Iran and not peace is what matters for Houthis

The United States and the European Union are convinced today of the need to end the war, which is what the Kingdom of Saudi Arabia has now also realised.
Thursday 25/03/2021
Mohammed Ali al-Houthi is a Yemeni political figure who is former President of the Revolutionary Committee or Revolutionary Counci delivers a speech in Sana’a. (AFP)
Mohammed Ali al-Houthi is a Yemeni political figure who is former President of the Revolutionary Committee or Revolutionary Counci delivers a speech in Sana’a. (AFP)

The Saudi ceasefire initiative in Yemen will not be approved by the Houthis. There is no surprise there. The Houthis view their own position and the regional situation through Iranian eyes. They are satisfied with what meets Iranian interests and opposed to whatever is inconsistent with those interests.

And since Iran has used the war in Yemen as a card to pressure the United States, because of the danger that the Houthi military movement poses to American interests, it is neither acceptable nor permissible from their standpoint for the Yemeni crisis to be handled in a way that serves all Yemeni parties, including the Houthi side itself, which will certainly not come out as a loser from any negotiations between Yemenis.

The problem with the Houthis is that they identify their interests with those of Iran. They even put these ahead of their own, as they are ideology-driven. They look at their cause in terms of sectarian expediency even if it separates them from others, not in terms of national necessity that unites them with other parties. Therefore, they do not see compliance with Iranian dictates as a deviation from their principles.

However, there is an obstacle that the Houthis will face when they eventually declare their categorical rejection of the Saudi initiative. It is the fact that the initiative has received the blessing of the largest part of the international community,  from which Iran is seeking to concessions in a new nuclear agreement.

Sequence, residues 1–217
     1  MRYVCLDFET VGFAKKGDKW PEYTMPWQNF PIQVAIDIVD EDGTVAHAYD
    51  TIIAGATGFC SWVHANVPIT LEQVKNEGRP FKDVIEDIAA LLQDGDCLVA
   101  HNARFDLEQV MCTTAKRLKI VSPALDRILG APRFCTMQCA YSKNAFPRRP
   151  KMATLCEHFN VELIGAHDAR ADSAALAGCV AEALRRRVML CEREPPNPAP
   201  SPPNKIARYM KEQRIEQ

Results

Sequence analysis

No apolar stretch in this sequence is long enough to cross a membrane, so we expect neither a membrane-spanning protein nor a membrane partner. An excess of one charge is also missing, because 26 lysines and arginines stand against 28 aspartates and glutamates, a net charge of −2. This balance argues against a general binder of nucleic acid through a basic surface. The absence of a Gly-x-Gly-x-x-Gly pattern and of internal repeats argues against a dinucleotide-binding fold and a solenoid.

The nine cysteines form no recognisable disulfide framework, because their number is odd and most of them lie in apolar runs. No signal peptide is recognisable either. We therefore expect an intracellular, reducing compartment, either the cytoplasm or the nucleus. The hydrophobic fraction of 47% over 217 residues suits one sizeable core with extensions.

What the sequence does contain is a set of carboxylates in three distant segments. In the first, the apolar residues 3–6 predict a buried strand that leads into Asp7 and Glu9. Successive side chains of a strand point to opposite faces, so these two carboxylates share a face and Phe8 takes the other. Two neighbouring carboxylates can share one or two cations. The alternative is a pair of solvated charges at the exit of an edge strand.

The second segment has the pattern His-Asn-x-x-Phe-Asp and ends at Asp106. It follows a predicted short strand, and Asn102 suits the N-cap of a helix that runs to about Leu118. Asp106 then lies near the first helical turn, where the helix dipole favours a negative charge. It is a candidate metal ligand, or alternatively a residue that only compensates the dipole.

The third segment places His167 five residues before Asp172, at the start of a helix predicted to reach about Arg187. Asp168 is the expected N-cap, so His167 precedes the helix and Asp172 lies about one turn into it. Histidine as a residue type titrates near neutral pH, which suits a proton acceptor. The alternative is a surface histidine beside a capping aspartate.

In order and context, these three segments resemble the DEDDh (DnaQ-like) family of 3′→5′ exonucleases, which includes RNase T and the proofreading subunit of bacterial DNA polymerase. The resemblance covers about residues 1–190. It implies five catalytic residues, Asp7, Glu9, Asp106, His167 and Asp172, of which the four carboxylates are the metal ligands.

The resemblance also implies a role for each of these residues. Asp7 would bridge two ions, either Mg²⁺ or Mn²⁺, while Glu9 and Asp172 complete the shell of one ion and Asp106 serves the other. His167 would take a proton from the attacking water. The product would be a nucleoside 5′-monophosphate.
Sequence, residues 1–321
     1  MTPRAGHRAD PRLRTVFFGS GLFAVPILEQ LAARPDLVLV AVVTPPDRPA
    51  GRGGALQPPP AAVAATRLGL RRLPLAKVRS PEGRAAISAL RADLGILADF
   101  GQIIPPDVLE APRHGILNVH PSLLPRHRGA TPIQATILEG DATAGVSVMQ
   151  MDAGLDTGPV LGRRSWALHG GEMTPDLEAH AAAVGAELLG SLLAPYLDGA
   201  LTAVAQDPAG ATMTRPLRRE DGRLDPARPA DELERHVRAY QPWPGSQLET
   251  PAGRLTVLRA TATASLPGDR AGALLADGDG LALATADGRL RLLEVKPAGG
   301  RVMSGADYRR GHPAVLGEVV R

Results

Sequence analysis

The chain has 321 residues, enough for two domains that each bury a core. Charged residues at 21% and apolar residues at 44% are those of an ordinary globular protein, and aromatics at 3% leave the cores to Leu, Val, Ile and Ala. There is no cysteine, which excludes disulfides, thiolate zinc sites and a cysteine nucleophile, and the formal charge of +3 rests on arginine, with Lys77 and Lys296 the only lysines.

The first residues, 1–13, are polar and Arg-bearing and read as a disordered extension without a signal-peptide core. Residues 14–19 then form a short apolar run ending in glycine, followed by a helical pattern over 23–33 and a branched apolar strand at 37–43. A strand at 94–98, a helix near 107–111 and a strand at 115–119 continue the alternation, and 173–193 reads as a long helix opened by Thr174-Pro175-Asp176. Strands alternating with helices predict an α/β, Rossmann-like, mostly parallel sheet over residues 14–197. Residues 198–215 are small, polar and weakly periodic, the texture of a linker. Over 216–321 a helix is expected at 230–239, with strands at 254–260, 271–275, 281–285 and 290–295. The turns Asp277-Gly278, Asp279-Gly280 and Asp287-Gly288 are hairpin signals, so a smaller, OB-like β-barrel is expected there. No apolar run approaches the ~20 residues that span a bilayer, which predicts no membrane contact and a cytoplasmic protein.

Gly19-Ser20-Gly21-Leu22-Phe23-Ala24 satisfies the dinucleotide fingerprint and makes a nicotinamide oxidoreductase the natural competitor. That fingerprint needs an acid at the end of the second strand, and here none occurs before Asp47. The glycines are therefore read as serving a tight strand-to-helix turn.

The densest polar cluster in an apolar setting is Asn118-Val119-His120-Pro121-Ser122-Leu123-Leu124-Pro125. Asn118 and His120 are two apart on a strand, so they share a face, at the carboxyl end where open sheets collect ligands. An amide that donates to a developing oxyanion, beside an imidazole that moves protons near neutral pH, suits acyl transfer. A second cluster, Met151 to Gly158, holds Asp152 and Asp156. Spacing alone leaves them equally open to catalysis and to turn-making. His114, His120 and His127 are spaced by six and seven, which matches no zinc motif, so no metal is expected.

The international community has become more convinced than before of the need to end the war in Yemen. That is not because of the  humanitarian motives which the Houthis advance publicly while working to end the arms embargo, but rather because of genuine world concern at the fate of people in Yemen, who are on the edge of the abyss if they have not fallen into it already.

The United States and the European Union are convinced of the need to end the war. Realising this, the kingdom of Saudi Arabia cut to the chase and announced its peace initiative that removes the Iranian cover from  he Houthis. It would also put them in direct confrontation with the world. It is not unlikely that the international community will impose a peace settlement on Yemen, as it has in Libya. Will the Houthis be able to confront the world militarily, for example?

The Houthis, having fallen into the ideological pit that ensured them supplies of Iranian money and weapons throughout the years of their war, cannot think rationally in a way that would guarantee their future within a national framework that brings together all Yemeni parties.

They are just a sectarian gang that was previously defeated in six wars. They have more than once violated signed agreements and continued to do so, taking advantage of the chaos of the “Arab spring” that led to the collusion of ousted President Ali Abdullah Saleh whom they later killed. This gang has fought over for many years in defence of Iran’s interests, acting as Tehran’s proxy on the Red Sea.